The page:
January 25, 2013
JOSHUA TREE FIGHTS DOLLAR GENERAL STORE, APPEALS TO SAN BERNARDINO COUNTY BOARD OF SUPERVISORS TO DENY BUILDING PERMIT
San Bernardino, CA and Joshua Tree, CA: Joshua Tree residents and the Joshua Tree Downtown Business Alliance this afternoon filed an appeal to the San Bernardino County Board of Supervisors to deny Santa Monica-based Dynamic Development’s application to build a 9,100-square foot Dollar General retail store in downtown Joshua Tree, near the gateway to the Joshua Tree National Park.
“This project is bad for the site, bad for the neighborhood and bad for the community,” the group states in their written appeal to the County.
The Joshua Tree group is appealing a misguided January 17, 2013 decision by the San Bernardino County Planning Commission to adopt a mitigated negative declaration and approve with conditions the application for a Conditional Use Permit by the Dynamic Development Corp. to build a retail store in the community of Joshua Tree on 1.45 acres at the northwest corner of the intersection of Highway 62 and Sunburst Avenue.
The Joshua Tree group is asking the Board of Supervisors to reject the mitigated negative declaration and deny the application.
“A retail store of this size and type would be entirely out of character with the community, would harm the growing Joshua Tree economy, would undermine our efforts to build a sustainable economic future, and is simply contrary to the letter, purpose and spirit of the Joshua Tree Community Plan, [which is] an adopted, applicable and enforceable element of the San Bernardino General Plan,” the group’s appeal states.
The written appeal, delivered in person today by a Joshua Tree community member to the County offices 75 miles from downtown Joshua Tree, was accompanied by a $1,192 fee. Two dozen Joshua Tree residents raised the money to pay the fee last weekend through donations ranging from $25 to $200.
The Joshua Tree group will make a public appeal for further funds in the coming week to continue fighting this project. The group will also launch a new website outlining the community’s objections to the project.
The County Board of Supervisors now has 60 days in which to hold a hearing on the appeal.
Dollar General recently opened two other stores on Highway 62 in the Morongo Basin — one in Yucca Valley, and one in Twentynine Palms — each store is within 10 miles of the proposed store in Joshua Tree. In addition, a SuperWalMart is currently under construction on Highway 62 at the eastern edge of Yucca Valley where it borders Joshua Tree, an unincorporated village.
According to Wikipedia, “Dollar General Corp. is a U.S. chain of variety stores headquartered in Tennessee. As of January 2012, Dollar General operated over 10,000 stores in 40 U.S. states. In 2007, the company was acquired by the private equity firm Kohlberg Kravis Roberts & Co. (KKR), which took the company public in 2009. Dollar General stores are typically in small shopping plazas or strip malls in local neighborhoods. The stores tend to locate in smaller communities than those where Walmart would go.”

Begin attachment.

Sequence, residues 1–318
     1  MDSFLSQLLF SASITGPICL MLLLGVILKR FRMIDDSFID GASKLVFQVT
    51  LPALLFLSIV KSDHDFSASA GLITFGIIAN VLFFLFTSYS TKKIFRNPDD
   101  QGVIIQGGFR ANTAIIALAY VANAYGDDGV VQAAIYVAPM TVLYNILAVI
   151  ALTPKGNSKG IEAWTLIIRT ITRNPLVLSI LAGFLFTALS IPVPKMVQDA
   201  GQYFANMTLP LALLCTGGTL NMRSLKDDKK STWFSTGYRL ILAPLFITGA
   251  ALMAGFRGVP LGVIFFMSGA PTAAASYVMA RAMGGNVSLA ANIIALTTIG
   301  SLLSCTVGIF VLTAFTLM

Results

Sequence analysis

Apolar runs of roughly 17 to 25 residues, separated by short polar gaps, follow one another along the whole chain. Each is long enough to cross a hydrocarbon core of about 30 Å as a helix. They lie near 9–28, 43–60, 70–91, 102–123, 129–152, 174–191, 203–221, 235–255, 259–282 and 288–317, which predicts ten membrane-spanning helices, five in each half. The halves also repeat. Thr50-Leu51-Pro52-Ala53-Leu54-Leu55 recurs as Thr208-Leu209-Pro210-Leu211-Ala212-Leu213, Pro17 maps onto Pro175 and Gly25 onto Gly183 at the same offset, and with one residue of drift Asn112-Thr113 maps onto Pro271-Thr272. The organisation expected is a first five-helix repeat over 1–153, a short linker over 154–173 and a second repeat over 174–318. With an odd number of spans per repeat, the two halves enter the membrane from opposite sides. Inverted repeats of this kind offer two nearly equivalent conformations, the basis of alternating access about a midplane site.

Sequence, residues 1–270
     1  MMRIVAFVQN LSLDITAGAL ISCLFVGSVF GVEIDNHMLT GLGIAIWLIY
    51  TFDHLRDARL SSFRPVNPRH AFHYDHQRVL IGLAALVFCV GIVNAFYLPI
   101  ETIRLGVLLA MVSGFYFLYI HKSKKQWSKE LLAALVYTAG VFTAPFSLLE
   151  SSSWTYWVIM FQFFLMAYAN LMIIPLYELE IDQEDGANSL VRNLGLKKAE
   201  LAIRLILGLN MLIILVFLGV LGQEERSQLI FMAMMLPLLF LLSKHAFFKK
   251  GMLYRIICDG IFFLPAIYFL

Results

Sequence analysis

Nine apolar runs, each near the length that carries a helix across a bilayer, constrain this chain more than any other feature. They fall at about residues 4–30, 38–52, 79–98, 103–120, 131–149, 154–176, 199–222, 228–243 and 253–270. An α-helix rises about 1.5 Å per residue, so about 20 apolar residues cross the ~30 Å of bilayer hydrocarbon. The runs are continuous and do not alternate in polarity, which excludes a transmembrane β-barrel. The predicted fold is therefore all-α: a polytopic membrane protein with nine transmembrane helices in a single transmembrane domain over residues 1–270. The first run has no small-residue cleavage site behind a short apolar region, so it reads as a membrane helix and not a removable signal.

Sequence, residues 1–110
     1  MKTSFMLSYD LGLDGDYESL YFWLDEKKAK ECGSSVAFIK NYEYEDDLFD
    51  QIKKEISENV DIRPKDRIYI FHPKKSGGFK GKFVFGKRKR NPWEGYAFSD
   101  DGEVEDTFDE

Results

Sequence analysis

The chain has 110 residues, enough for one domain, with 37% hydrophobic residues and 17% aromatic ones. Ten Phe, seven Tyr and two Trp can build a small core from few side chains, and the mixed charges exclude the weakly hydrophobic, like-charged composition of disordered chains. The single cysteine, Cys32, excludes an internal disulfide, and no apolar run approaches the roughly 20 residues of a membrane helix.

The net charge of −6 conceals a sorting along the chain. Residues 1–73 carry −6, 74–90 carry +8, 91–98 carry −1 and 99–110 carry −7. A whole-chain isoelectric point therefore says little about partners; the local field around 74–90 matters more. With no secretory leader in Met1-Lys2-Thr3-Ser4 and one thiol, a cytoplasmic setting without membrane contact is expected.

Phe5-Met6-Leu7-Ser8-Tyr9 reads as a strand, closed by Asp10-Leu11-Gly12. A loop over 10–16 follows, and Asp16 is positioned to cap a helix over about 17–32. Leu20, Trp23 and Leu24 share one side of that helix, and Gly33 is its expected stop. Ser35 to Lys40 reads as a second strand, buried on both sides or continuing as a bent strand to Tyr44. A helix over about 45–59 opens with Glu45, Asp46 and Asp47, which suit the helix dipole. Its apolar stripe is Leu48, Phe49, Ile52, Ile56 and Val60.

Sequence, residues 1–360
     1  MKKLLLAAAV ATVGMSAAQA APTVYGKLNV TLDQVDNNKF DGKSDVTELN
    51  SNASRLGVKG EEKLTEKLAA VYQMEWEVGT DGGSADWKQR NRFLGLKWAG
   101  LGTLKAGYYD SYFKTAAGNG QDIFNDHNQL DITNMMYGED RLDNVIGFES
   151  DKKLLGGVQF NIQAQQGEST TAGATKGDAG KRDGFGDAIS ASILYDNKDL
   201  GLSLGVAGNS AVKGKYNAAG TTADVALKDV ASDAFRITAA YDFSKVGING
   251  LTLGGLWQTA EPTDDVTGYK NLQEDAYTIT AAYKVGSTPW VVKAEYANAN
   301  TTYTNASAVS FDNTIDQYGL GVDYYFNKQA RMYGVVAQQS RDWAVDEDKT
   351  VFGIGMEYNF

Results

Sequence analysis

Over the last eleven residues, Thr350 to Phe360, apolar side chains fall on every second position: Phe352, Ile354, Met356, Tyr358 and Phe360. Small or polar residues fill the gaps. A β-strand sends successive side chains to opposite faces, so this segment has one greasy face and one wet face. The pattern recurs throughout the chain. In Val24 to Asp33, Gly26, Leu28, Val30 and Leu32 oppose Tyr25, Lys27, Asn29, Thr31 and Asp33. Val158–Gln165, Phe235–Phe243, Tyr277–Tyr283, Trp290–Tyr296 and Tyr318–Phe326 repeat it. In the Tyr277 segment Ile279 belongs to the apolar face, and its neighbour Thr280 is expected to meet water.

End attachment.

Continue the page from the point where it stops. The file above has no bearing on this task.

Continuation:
Dynamic Development’s Joshua Tree Dollar General project has been widely criticized within Joshua Tree village (est. pop. 8000) since it was first introduced to the community at a public information meeting in November, 2011. A locally circulated written petition denouncing the project attracted more than 700 signatures, while an internet petition now has over 400 signatures. Letters to the editor of the local newspaper on the subject have been plentiful, as are posters and flyers in Joshua Tree’s downtown bulletin boards and storefronts. And despite taking place on a weekday 75 miles from Joshua Tree, the January 17, 2013 San Bernardino Planning Commission hearing was attended by five dozen anti-Dollar General Joshua Tree community members, many of whom gave impassioned, five-minute statements against the proposal.
“Joshua Tree is a tight-knit, fiercely independent village that is ready to band together to defend itself against inappropriate business development and unneighborly behavior,” said a spokesperson for the group that filed the appeal. “We have the law on our side, and we have faith that we will ultimately prevail, either with the Board of Supervisors or in a court of law. Dollar General and Dynamic Development should cut their losses and withdraw their application now.
“Joshua Tree is not only a gateway to a precious National Park, it is a village whose growing economy is based on owner-operated businesses. Dollar General, a 10,000-store national chain with headquarters in Tennessee, simply doesn’t fit.”